Above: Revd Charles Wolfe—writer of perhaps ‘the greatest ode ever penned to an Englishman by an Irishman’.

Charles Wolfe (32), Church of Ireland clergyman and poet, author notably of The burial of Sir John Moore, died. Inspired by an account in the Edinburgh Annual Register of the midnight burial of Sir John Moore, the British general in command of the defence of Corunna against the French in the course of the Peninsular War (1807–14) who had directed his men to bury him where he fell, Wolfe wrote his ode when a student in Trinity College, Dublin:

‘Not a drum was heard, not a funeral note

As his corpse to the rampart we hurried.

Not a soldier discharged his farewell shot

O’er the grave where our hero we buried.’

It is acknowledged as perhaps ‘the greatest ode ever penned to an Englishman by an Irishman’—a dubious accolade for Wolfe, considering that the dashing Sir John was a true servant of the British Empire who had served in many far-flung places, including Ireland. In June 1798 he defeated Fr Philip Roche and his insurgents at Goff’s Bridge (Faulke’s Mill), Co. Wexford, and the following day, while General Lake was wiping out the insurgents on Vinegar Hill, he retook Wexford town. Yet the poem was as popular in Ireland as anywhere else and regularly featured in poetry anthologies for many years afterwards. As for Wolfe, the son of Theobald Wolfe (1739–99) and therefore probably a half-brother of Theobald Wolfe Tone (1763–98), he was ordained in November 1817 and thereafter served as a curate in County Tyrone. His health, however, was never good and declined considerably after a failed romance and the death of his close friend and mentor, the mathematician Thomas Meredith. He died of consumption in Cobh and was interred in the Old Church Cemetery.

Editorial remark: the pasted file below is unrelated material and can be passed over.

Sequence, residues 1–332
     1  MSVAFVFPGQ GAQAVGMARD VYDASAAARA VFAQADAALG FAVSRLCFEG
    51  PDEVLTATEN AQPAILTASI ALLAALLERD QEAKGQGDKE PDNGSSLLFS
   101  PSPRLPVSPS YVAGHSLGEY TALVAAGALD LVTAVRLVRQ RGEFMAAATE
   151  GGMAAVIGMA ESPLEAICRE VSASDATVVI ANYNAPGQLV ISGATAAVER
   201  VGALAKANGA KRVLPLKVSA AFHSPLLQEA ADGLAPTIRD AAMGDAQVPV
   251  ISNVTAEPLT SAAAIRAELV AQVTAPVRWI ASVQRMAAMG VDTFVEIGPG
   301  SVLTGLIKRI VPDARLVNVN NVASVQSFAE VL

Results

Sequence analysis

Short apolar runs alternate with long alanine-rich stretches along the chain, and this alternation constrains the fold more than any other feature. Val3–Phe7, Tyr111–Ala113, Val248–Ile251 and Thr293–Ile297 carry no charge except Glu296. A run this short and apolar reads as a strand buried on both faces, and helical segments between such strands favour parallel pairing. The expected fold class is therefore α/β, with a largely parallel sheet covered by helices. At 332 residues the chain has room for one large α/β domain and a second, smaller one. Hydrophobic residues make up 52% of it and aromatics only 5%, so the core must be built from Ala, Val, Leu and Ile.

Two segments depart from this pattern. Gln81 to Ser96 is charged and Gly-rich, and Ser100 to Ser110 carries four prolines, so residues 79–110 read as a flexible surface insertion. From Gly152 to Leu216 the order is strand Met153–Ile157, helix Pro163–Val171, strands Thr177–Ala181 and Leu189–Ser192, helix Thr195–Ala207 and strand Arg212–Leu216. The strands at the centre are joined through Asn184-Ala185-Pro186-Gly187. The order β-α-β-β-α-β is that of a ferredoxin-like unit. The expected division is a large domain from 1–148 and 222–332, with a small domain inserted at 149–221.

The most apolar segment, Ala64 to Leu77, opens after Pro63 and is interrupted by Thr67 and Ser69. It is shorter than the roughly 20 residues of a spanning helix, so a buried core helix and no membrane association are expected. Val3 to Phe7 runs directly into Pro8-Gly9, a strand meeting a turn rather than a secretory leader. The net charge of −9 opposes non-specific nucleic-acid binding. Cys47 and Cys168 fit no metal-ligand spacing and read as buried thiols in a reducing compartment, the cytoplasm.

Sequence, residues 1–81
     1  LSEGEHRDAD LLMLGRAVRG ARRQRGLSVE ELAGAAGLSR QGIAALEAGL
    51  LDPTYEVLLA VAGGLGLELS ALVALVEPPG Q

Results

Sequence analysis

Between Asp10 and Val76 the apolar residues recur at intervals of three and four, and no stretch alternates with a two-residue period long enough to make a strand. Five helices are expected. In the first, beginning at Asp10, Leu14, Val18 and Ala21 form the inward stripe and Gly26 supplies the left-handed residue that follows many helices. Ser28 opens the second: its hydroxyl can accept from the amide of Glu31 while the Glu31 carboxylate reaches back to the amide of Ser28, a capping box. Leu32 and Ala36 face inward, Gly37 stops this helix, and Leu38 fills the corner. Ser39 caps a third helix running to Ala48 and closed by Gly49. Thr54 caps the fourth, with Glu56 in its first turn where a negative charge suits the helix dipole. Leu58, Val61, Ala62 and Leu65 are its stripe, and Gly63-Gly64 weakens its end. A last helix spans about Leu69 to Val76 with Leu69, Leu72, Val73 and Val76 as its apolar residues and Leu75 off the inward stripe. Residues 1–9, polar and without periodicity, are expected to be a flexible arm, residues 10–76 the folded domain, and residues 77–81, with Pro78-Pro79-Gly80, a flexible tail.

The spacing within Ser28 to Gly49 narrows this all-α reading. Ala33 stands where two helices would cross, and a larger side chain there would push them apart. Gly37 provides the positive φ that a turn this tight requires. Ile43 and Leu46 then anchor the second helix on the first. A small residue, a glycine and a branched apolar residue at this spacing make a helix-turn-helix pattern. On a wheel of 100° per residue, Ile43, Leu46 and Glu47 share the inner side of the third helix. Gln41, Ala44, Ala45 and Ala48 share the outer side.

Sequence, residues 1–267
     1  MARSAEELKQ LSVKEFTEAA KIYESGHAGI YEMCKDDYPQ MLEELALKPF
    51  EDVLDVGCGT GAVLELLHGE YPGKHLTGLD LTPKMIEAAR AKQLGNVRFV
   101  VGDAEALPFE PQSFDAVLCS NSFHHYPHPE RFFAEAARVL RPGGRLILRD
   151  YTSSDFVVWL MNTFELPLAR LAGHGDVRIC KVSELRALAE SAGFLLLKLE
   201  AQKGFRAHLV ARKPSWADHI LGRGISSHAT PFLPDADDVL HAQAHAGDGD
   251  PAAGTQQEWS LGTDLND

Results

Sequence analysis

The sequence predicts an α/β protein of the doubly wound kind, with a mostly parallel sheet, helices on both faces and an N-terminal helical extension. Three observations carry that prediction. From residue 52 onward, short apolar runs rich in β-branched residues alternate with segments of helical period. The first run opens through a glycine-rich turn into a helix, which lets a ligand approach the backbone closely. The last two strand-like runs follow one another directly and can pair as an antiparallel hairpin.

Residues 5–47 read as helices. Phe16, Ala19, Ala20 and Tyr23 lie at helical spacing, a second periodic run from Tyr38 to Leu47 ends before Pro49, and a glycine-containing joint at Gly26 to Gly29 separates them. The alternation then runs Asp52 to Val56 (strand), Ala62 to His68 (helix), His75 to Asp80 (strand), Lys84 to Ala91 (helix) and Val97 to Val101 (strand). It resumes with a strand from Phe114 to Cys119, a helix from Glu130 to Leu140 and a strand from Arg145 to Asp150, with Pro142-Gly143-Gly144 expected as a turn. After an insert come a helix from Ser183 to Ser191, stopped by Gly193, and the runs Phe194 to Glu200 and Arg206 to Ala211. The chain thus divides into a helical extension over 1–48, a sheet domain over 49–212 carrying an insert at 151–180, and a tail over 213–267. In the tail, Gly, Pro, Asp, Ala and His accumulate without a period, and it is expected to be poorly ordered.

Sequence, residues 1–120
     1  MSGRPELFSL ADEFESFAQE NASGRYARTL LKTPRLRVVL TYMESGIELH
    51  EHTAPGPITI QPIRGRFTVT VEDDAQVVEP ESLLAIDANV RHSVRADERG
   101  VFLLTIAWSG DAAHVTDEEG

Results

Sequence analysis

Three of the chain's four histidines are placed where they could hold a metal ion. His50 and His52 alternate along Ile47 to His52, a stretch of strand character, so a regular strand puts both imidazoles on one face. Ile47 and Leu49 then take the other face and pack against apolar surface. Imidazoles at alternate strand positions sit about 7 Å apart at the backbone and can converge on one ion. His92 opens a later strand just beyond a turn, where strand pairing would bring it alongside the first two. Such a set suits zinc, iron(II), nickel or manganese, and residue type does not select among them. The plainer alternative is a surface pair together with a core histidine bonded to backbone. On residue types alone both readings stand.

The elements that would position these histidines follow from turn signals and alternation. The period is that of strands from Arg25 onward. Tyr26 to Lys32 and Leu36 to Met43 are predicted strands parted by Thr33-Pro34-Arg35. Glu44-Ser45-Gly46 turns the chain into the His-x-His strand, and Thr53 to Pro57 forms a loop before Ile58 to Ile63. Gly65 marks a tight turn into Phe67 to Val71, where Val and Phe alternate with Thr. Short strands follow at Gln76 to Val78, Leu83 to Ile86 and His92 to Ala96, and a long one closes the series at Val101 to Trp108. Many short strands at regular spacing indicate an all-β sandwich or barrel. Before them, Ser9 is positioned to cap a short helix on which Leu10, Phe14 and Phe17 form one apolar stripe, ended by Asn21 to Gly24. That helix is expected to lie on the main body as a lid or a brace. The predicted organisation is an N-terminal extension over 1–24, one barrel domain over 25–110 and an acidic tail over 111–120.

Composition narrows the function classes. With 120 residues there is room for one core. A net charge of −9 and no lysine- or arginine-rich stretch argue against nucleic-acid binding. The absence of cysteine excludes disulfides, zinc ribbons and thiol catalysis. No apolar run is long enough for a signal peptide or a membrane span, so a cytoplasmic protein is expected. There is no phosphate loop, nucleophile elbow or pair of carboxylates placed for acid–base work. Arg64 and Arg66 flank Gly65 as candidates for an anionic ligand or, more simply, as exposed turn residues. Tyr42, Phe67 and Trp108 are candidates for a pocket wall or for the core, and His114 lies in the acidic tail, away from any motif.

Katherine O’Shea Parnell (76), widow of Charles Stewart Parnell (1846–91), died at Littlehampton, Sussex. (See ‘100 Years Ago’, p. 70.)


Gunner Robert Curtis (20) of the Royal Artillery Regiment was shot by an IRA sniper during disturbances in north Belfast, the first serving British soldier to die violently in the Troubles.


An IRA mortar bomb exploded in the garden of 10 Downing Street as Prime Minister John Major and his cabinet were discussing the progress of the Gulf War.


Five men working for the BBC were killed when an IRA bomb, intended for the security forces, exploded as they made their way in a Land Rover to inspect a transmitter on Brougher Mountain, Co. Tyrone.


Delia Murphy (69), internationally acclaimed ballad-singer who, as wife of T.J. Kiernan, Irish ambassador to the Vatican during the Second World War, assisted Jews and escaped prisoners of war, died.


Joseph Devlin, the leading Ulster nationalist over a 30-year period, who began his parliamentary career when returned for North Kilkenny in 1902, born in Hamill Street, west Belfast.


Three IRA volunteers were killed and two others wounded in an abortive attack on a train carrying British soldiers at Upton, Co. Cork. Six civilian passengers were also killed and ten wounded in the crossfire.


Brian Faulkner, the sixth and last prime minister of Northern Ireland (3/1971–3/1972) and the only one to have been educated in the Irish Free State, born in Helen’s Bay, Co. Down, the son of a shirtmaker.


Twelve Volunteers were shot dead and a further eight taken prisoner when Crown forces surrounded them in a disused farmhouse overlooking the village of Clonmult, near Midleton, Co. Cork. It marked the IRA’s greatest loss of Volunteers in a single action during the War of Independence.


John Keats (25), English Romantic poet, died from tuberculosis in Rome.